6. At the time plaintiffs' offers were made, section 998, subdivision (d) stated in pertinent part, “If an offer made by a plaintiff is not accepted and the defendant fails to obtain a more favorable judgment, the court in its discretion may require the defendant to pay a reasonable sum to cover costs of the services of expert witnesses ․ actually incurred and reasonably necessary in either, or both, the preparation or trial of the case by the plaintiff, in addition to plaintiff's costs.” (§ 998, subd. (d).) Between 1994, when plaintiffs' offers were made, and 2000, when the trial court entered its order taxing costs, the Legislature amended subdivision (d) of section 998. None of these amendments has an impact on the discrete issue presented here.
7. Civil Code section 3291 states in relevant part, “If the plaintiff makes an offer pursuant to Section 998 of the Code of Civil Procedure which the defendant does not accept prior to trial or within 30 days, whichever occurs first, and the plaintiff obtains a more favorable judgment, the judgment shall bear interest at the legal rate of 10 percent per annum calculated from the date of the plaintiff's first offer pursuant to Section 998 of the Code of Civil Procedure which is exceeded by the judgment, and interest shall accrue until the satisfaction of the judgment.”
8. “Whether by appellate reversal of a judgment ․ or by the trial court granting a new trial motion, the effect is the same ․” (Guzman v. Superior Court, supra, 19 Cal.App.4th at p. 708, 23 Cal.Rptr.2d 585.)
9. We are not persuaded by defendant's reference to new trial orders “ressurect [ing ] a plaintiff's section 998 rights.” There was nothing to resurrect where the benefits arising as the result of defendant's failure to accept the offer remained extant. (Beavers v. Allstate Ins. Co., supra, 225 Cal.App.3d at p. 329, 274 Cal.Rptr. 766; cf. Hess v. Ford Motor Co. (2002) 27 Cal.4th 516, 117 Cal.Rptr.2d 220, 41 P.3d 46 [reversal of summary judgment after plaintiff's § 998 offer rejected; there was no discussion that reversed judgment terminates right to prejudgment interest]; Steinfeld v. Foote-Goldman Proctologic Medical Group, Inc., supra, 50 Cal.App.4th at pp. 1550-1551, 58 Cal.Rptr.2d 371 [multiple intervening new trial orders after plaintiffs' 998 offer rejected; there was no discussion that new trials terminate right to prejudgment interest].)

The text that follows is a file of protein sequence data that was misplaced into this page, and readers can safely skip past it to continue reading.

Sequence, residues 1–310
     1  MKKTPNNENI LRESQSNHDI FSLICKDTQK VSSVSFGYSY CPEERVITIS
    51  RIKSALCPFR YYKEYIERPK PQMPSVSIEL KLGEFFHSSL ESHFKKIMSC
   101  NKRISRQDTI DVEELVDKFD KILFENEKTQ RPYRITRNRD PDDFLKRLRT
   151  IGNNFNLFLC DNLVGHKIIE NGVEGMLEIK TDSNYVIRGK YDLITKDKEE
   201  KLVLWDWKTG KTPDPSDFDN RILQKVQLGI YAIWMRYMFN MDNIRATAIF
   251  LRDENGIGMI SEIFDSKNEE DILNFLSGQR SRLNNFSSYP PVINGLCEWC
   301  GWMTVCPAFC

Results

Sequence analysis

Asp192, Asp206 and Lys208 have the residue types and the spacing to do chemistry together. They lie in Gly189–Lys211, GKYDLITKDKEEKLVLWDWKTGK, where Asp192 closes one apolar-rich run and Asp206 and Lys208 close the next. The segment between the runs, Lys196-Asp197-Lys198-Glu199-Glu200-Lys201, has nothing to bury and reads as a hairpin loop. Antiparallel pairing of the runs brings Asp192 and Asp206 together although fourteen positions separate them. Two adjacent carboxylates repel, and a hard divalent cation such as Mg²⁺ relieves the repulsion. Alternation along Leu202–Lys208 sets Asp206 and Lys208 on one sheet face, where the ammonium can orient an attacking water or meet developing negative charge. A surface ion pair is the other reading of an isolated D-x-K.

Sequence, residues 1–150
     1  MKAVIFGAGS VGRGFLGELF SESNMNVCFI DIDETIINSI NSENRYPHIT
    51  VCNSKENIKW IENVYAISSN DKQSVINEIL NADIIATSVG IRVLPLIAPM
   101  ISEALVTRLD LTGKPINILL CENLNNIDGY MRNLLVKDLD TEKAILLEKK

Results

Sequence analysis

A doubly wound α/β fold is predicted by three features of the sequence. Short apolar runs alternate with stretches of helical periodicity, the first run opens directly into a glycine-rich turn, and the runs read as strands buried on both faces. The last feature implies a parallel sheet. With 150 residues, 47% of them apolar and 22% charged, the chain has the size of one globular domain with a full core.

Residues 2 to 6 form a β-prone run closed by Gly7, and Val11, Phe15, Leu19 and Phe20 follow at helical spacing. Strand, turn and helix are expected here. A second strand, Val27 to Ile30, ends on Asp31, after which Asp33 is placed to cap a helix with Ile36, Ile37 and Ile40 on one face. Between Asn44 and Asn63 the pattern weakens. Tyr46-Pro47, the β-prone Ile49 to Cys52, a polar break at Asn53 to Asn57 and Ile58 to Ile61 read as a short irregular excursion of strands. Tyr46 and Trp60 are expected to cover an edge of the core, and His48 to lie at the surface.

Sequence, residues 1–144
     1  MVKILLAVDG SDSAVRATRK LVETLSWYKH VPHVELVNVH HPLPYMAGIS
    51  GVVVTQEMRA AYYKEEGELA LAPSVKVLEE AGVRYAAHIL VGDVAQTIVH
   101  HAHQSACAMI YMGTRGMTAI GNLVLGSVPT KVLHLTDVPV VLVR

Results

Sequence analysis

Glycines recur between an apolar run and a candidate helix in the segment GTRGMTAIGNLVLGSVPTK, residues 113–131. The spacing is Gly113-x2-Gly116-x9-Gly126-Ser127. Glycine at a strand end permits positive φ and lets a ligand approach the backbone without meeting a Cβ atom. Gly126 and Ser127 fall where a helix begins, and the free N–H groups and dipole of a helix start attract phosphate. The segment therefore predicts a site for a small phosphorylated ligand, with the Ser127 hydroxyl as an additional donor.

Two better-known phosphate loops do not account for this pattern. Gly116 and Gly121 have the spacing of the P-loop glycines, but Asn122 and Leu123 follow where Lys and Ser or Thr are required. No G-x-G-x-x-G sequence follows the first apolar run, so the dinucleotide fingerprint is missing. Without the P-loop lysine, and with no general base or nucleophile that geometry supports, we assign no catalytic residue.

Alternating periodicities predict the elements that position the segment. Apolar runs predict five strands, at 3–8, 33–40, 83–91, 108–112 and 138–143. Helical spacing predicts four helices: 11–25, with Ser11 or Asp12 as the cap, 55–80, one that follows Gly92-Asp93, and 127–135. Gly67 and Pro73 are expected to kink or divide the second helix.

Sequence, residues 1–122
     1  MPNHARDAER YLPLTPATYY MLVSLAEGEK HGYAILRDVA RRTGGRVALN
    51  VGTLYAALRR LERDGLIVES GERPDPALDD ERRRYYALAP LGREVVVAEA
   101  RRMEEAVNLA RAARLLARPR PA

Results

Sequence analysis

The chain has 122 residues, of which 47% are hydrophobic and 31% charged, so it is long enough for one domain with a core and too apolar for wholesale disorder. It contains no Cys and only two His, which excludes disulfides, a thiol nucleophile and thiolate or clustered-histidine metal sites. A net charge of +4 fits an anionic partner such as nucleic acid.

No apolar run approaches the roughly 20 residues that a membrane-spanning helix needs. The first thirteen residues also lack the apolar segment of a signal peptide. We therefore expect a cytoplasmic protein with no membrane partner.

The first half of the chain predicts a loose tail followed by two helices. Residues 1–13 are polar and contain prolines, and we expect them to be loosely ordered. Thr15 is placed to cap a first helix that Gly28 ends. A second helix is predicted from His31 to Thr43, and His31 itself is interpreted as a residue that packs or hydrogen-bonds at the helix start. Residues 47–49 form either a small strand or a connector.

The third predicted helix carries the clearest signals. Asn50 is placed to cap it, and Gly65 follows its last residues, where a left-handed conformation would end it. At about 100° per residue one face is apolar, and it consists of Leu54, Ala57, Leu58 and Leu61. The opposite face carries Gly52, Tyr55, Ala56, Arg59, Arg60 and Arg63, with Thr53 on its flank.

10. Hess v. Ford Motor Co., supra, 27 Cal.4th 516, 117 Cal.Rptr.2d 220, 41 P.3d 46, and Steinfeld v. Foote-Goldman Proctologic Medical Group, Inc., supra, 50 Cal.App.4th 1542, 58 Cal.Rptr.2d 371, are instructive because they both affirmed awards of prejudgment interest notwithstanding intervening judgments that had been set aside. In Hess, summary judgment in favor of the defendant was reversed and the jury eventually returned a verdict against the defendant in the ensuing trial in an amount that exceeded the plaintiff's early statutory offer to compromise. (Hess v. Ford Motor Co., supra, at pp. 522-523, 117 Cal.Rptr.2d 220, 41 P.3d 46.) In Steinfeld, the case was tried three times after the statutory offer to compromise had been made because the trial court granted motions for new trial, and eventually the plaintiff secured a verdict in excess of the section 998 offer. (Steinfeld v. Foote-Goldman Proctologic Medical Group, Inc., supra, at p. 1545, 58 Cal.Rptr.2d 371.) Although in neither of the cases did the defendant argue the intervening judgment terminated rights under the earlier section 998 offer, in both cases, the award of prejudgment interest (Civ.Code, § 3291) from the date of the statutory offer to compromise (§ 998) was upheld. (Hess v. Ford Motor Co., supra, at pp. 530-533, 117 Cal.Rptr.2d 220, 41 P.3d 46; Steinfeld v. Foote-Goldman Proctologic Medical Group, Inc., supra, at pp. 1550-1551, 58 Cal.Rptr.2d 371.)
11. The Supreme Court in Fairmont Ins. Co. v. Superior Court (2000) 22 Cal.4th 245, at page 253, 92 Cal.Rptr.2d 70, 991 P.2d 156, held that when a new trial is required, the parties are entitled to reopen discovery. The court reasoned, inter alia, without renewed discovery, the parties would face substantial barriers to effective trial preparation in frustration of one of discovery's purposes, namely to promote settlement. Defendant cites Fairmont Ins. Co. v. Superior Court, supra, at pages 252-253, 92 Cal.Rptr.2d 70, 991 P.2d 156 to argue that just as the policy favoring settlements is fostered by reopening discovery upon a new trial order, the policy behind section 998 and Civil Code section 3291 is served by holding the 1995 judgment in defendant's favor terminated any benefits to which plaintiffs may have been entitled by virtue of their statutory offer to compromise. The argument is extremely attenuated. The Supreme Court in Fairmont Ins. Co. recognized the well-settled fact that “a new trial begins trial proceedings anew, ‘ “as though no trial had ever been had․” ’ [Citation.]” (Id. at p. 252, 92 Cal.Rptr.2d 70, 991 P.2d 156.) Nothing in the general legal principal allowing additional discovery after an order for a new trial operates to terminate extant rights under a statutory offer to compromise.
We concur: KLEIN, P.J., and CROSKEY, J.